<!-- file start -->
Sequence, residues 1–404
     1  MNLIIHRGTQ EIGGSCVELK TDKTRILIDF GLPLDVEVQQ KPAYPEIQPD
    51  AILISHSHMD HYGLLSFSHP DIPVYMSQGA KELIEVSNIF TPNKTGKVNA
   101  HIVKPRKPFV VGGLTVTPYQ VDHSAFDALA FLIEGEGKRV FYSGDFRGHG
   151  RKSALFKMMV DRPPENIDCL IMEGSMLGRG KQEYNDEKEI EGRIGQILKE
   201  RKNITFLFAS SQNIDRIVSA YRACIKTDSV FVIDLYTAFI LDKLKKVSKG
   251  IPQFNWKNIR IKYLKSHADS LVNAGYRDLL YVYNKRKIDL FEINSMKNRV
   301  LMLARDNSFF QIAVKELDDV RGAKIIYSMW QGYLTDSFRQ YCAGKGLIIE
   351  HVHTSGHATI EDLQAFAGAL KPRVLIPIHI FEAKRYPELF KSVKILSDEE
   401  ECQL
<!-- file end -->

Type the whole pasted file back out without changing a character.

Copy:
Sequence, residues 1–404
     1  MNLIIHRGTQ EIGGSCVELK TDKTRILIDF GLPLDVEVQQ KPAYPEIQPD
    51  AILISHSHMD HYGLLSFSHP DIPVYMSQGA KELIEVSNIF TPNKTGKVNA
   101  HIVKPRKPFV VGGLTVTPYQ VDHSAFDALA FLIEGEGKRV FYSGDFRGHG
   151  RKSALFKMMV DRPPENIDCL IMEGSMLGRG KQEYNDEKEI EGRIGQILKE
   201  RKNITFLFAS SQNIDRIVSA YRACIKTDSV FVIDLYTAFI LDKLKKVSKG
   251  IPQFNWKNIR IKYLKSHADS LVNAGYRDLL YVYNKRKIDL FEINSMKNRV
   301  LMLARDNSFF QIAVKELDDV RGAKIIYSMW QGYLTDSFRQ YCAGKGLIIE
   351  HVHTSGHATI EDLQAFAGAL KPRVLIPIHI FEAKRYPELF KSVKILSDEE
   401  ECQL